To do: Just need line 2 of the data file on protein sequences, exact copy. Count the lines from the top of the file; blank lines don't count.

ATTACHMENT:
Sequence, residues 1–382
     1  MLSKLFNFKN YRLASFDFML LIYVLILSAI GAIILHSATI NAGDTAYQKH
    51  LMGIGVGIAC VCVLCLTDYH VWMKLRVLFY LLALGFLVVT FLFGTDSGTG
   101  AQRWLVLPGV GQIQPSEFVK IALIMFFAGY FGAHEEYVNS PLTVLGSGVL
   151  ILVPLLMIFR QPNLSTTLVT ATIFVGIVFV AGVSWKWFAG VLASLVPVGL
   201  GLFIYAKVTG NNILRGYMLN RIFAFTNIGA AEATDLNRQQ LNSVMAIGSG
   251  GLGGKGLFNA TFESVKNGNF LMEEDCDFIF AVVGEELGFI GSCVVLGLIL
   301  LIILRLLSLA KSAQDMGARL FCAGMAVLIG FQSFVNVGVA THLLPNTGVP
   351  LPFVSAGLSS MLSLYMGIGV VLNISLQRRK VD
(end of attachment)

     1  MLSKLFNFKN YRLASFDFML LIYVLILSAI GAIILHSATI NAGDTAYQKH